Tuesday, December 30, 2008

What will you do with your "leap second"?

There will probably be little thought given to a free gift on the 31st of December, 2008 as one celebrates consuming Friskies on a cracker and washing it down with vintage wine [from the week of December 22nd to December 26th] and ushering in a hopefully better year in 2009. The gift?...ONE EXTRA SECOND. Spend it wisely.

"Happy New Year, But Wait a Second"

December 29th, 2008

Dulcinea Media, Inc.

The U.S. Naval Observatory, the world's official timekeeper, announced that it will add an extra second on Dec. 31 to match the world's atomic clocks to the Earth's rotation on its axis, reports Reuters. The extra second will be inserted at 23 hours, 59 minutes and 59 seconds Coordinated Universal Time, or UTC, or 6:59:59 p.m. EST (23:59:59 GMT).

An international agreement in 1970 created two time scales: UTC, based on highly precise atomic clocks that are accurate to about one-billionth of a second per day, and another based on the Earth's observed rotation, which gets slower over time. Leap seconds are used so that the difference between atomic clocks and Earth's rotation does not exceed 0.9 seconds. This year's extra second will be the 24th in history; the first leap second was inserted into UTC on June 30, 1972.

The International Earth Rotation and Reference Systems Service determines whether or not to add or remove the second based on its observations of the Earth's rotation, which slows for a variety of reasons, including the actions of tides, the amount of snow at the polar ice caps, solar wind, space dust and magnetic storms.


This year's "leap second" could be the last one ever, if a proposal by the International Telecommunications Union (ITU) is implemented. The group of timekeeping experts suggests that leap seconds should be abandoned in favor of a "leap hour" that would occur about every 600 years. The proposed change would mean that official time would no longer be linked to the Earth's rotation, and it would have wide-ranging effects, including reducing the importance of Greenwich Mean Time (GMT), requiring changes to astronomical telescopes, and making sundials more inaccurate. "It would be a change with profound cultural implications," said Robert Massey, of the Royal Astronomical Society, to the Times of London. "We'd be decoupling our clocks from what the Sun is telling us."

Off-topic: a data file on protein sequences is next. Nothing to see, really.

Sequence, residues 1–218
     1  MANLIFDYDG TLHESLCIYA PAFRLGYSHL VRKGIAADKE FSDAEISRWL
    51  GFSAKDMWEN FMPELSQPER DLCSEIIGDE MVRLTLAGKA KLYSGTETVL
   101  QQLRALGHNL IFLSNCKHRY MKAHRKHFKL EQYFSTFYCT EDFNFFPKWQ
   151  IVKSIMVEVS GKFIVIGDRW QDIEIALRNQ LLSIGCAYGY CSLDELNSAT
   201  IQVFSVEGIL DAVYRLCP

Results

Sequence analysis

The thought of being given an extra second may not be that exciting to many people, but The New York Times reminds readers that much can be accomplished in just one second. "If that doesn't sound like a big deal, consider that in one second a cheetah can dash 34 yards, a telephone signal can travel 100,000 miles, a hummingbird can beat its wings 70 times, and eight million of your blood cells can die. As the saying goes, every second counts. In the case of leap seconds, that is especially true."

More on Isaac Newton's birthday

"The Ten Days of Newton"


Olivia Judson

December 23rd, 2008

The New York Times

Some years ago, the evolutionist and atheist Richard Dawkins pointed out to me that Sir Isaac Newton, the founder of modern physics and mathematics, and arguably the greatest scientist of all time, was born on Christmas Day, and that therefore Newton's Birthday could be an alternative, if somewhat nerdy, excuse for a winter holiday.

Think of the merchandise! Newton is said to have discovered the phenomenon of gravity by watching apples fall in an orchard. (His insight came after pondering why they always fall down, rather than upwards or sideways.) Newton's Birthday cards could feature the great man discovering gravity by watching a Christmas decoration fall from a tree. (This is a little anachronistic — Christmas trees didn’t come to England until later — but I don't think we should let that get in the way.)